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n. pl. ron·deaux (-dōz, -dōz′)
1. A lyrical poem of French origin having 13 or sometimes 10 lines with two rhymes throughout and with the opening phrase repeated twice as a refrain.
2. A medieval French song, either monophonic, as in the songs of the trouvères, or polyphonic in construction.
[French, alteration of Old French rondel; see rondel.]
n, pl -deaux (-dəʊ; -dəʊz)
(Poetry) a poem consisting of 13 or 10 lines with two rhymes and having the opening words of the first line used as an unrhymed refrain. See also roundel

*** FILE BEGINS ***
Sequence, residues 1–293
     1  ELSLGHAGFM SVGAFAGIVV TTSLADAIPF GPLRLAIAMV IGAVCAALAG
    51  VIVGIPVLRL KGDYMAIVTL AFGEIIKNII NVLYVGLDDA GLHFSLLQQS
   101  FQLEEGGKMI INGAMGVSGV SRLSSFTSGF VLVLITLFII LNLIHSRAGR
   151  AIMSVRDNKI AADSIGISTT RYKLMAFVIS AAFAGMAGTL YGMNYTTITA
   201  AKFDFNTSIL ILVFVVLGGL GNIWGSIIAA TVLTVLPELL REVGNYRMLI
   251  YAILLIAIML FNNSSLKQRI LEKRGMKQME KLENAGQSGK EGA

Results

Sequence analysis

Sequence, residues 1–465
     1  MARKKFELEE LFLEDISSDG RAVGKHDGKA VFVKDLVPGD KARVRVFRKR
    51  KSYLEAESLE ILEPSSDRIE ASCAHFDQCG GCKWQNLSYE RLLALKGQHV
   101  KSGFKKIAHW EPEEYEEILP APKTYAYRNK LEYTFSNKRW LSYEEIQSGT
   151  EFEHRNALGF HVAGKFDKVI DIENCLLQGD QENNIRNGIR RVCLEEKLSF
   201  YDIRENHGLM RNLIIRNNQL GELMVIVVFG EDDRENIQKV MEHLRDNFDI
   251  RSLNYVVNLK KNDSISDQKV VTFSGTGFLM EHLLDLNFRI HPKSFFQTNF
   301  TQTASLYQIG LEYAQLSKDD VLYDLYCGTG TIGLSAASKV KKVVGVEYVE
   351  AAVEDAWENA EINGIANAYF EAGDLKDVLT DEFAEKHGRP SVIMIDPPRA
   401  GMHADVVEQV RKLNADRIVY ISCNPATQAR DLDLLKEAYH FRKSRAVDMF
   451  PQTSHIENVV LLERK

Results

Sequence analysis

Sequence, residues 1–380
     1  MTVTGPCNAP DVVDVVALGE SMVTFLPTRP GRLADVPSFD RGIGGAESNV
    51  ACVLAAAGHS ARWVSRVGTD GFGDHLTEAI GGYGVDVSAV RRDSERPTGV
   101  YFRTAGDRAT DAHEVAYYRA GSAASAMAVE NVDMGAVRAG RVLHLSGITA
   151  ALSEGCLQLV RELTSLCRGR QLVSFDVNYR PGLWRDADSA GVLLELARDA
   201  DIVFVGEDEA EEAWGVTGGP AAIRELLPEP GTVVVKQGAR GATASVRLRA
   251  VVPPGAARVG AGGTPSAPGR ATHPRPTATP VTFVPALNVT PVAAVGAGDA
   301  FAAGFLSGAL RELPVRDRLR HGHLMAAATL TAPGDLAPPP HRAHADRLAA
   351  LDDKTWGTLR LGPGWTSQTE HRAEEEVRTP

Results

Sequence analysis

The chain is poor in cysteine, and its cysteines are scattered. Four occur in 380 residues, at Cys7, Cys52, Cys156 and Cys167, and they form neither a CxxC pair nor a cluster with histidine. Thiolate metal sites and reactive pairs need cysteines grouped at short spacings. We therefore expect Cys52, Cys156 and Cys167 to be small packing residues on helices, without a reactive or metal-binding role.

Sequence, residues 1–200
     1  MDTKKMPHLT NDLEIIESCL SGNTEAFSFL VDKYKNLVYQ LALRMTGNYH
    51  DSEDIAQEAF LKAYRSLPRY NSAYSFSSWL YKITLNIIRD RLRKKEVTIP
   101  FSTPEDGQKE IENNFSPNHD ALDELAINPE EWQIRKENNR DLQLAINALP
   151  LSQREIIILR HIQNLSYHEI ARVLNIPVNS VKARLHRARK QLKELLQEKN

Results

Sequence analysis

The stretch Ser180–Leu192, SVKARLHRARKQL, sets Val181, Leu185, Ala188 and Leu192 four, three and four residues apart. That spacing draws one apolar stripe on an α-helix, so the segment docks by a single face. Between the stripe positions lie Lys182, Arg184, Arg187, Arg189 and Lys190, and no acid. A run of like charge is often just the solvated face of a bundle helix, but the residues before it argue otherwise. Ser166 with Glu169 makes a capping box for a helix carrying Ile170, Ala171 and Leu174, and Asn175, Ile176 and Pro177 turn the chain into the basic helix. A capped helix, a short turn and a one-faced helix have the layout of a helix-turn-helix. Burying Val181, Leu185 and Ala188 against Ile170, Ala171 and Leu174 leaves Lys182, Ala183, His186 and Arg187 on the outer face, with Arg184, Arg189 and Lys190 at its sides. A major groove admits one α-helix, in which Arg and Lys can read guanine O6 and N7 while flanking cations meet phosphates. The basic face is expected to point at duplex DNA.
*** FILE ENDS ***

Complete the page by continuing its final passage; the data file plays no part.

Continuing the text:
[C16: from Old French, from rondel a little round, from rond round]
ron•deau(ˈrɒn doʊ, rɒnˈdoʊ)
n., pl. -deaux (-doʊz, -ˈdoʊz)
1. a short poem of 13 or 10 lines on two rhymes with the opening words or phrase used in two places as an unrhymed refrain.
2. a monophonic song of the trouvères.
[1515–25; < Middle French: little circle; see rondel]
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|Noun||1.||rondeau - a musical form that is often the last movement of a sonata|
|2.||rondeau - a French verse form of 10 or 13 lines running on two rhymes; the opening phrase is repeated as the refrain of the second and third stanzas|
roundel - English form of rondeau having three triplets with a refrain after the first and third
rondelet - a shorter form of rondeau